Sunday, December 16, 2012

Sandy Hook Massacre and Next Steps

Bodies weren't even cold when pundits, politicians, and website comments filled the media that "something" needed to be done to prevent another Sandy Hook.  The loudest message is around some type of gun restrictions, bans, or outlawing.  

There's one problem: America is awash in guns.  Approximately 300 million guns exist in the hands of her 311 citizens.  The barn door has been left open, and the cow is no longer in the barn.  

With that as the backdrop, here are some of what is being proposed:

  • Total ban on guns.  See the above!  The government may know that a specific citizen has a specific gun via the National Instant Criminal Background Check instituted in the '90's.  But that person might have given the gun as a gift, as my Dad did for me.  Or that person may have lost the gun, as my hunting partner did when his boat overturned.  Or that person may have had his ex-wife sell them in a nasty divorce, as what happened to my buddy.  Hence, the ONLY way we'll be able to ban all guns is via house-to-house search.  And with the numbers listed above, that means EVERY house.  Good luck with that; not only from a Constitutional standpoint, but also from an execution standpoint.
  • Ban on "automatic" weapons, large magazines, etc.  Let's make something very clear: automatic weapons (one that fires multiple rounds with a pull of the trigger) are already banned.  There are very few owned by private collectors, and the application process to own these is stringent.  Semi-automatic weapons (one where just one round is fired with each pull of the trigger) are legal, and have been since their invention in the late 1800's.  As for limiting magazines, there's that whole cow/barn thing as well as it pertains to magazines.  There are millions of high capacity magazines already in circulation.  Finally, the killer in the latest tragedy used guns that had 15 and 17 round magazines.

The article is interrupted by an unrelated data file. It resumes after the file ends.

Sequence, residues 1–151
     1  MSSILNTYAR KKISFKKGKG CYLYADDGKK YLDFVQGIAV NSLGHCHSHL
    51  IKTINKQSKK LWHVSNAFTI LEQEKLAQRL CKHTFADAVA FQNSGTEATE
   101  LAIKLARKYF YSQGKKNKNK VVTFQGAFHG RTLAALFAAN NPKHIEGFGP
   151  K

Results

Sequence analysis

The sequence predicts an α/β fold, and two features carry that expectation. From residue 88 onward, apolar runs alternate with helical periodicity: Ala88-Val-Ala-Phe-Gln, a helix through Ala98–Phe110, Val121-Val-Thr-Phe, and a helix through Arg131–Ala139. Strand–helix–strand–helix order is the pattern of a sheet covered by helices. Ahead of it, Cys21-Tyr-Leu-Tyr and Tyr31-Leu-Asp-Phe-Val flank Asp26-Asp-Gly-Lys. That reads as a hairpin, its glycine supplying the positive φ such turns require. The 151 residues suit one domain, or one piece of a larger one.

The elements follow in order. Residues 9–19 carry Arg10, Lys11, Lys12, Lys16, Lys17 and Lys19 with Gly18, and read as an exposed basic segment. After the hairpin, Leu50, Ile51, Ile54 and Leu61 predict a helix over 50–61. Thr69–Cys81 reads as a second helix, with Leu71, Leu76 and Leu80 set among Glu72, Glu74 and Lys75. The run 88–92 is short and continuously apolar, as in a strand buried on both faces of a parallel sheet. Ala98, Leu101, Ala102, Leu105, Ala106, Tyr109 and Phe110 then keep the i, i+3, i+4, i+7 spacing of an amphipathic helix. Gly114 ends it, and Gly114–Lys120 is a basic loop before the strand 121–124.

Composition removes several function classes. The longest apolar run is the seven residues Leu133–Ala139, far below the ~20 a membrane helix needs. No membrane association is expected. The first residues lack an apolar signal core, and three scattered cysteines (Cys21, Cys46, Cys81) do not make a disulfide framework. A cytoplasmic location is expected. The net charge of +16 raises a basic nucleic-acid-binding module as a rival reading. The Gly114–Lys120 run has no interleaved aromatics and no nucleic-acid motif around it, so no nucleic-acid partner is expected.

• Register guns with a forensic footprint so they can be tracked.  It is true that every gun has it's own "fingerprint" that gets left on the bullet it is firing.  And a person with about two minutes and a small file can forever alter that fingerprint in such a way as to make the whole process moot.
  • Tax guns and ammunition at an excessive rate.  While that will prevent future guns and ammunition to be sold, there's that troubling issue with the 300 million guns already in society.  As for ammunition, there are likely HUNDREDS OF BILLIONS of rounds already in private hands.  Likewise, with reloading activity (the private construction of bullets and shotgun shells done by thousands if not millions of people), folks will be able to continue to crank out the production of ammunition, and subsequently launch a lucrative black market career, once factory manufactured ammunition is taxed to oblivion.  
  • Hold someone fiscally "accountable" for the shooting.  While this worked great against "big tobacco," how will it exactly work against firearms?  Is the gun manufacturer punished?  The ammunition manufacturer?  The retailer that sold the gun and/or the ammunition?  And once that is put into place, and all of those companies are driven out of business, what happens to that cow that is already outside of the barn?  Likewise, once this legislation passed, will we then be able to sue Apple for folks texting or talking while driving and get into an accident?  Ditto "big alcohol" and drunk drivers?  Once that camel's nose gets under the tent, where does it stop?
Want to crack down on gun shows?  Fine.  Want to limit magazine size?  Knock yourself out.  However, the bottom line to all of this is regardless of what gets done, it cannot address the amount of guns, magazines, and ammunition already in our society.

So what do we do?  

Let's start and end with a hard look at mental illness in this country.  The most vulnerable of us are going untreated, and are being plied by the most unsavory of communications.  From first person shooter video games that actively train mass murder techniques to hate sites that actively encourage mayhem from their readers, instead of getting help our mentally ill are just getting pushed toward explosion.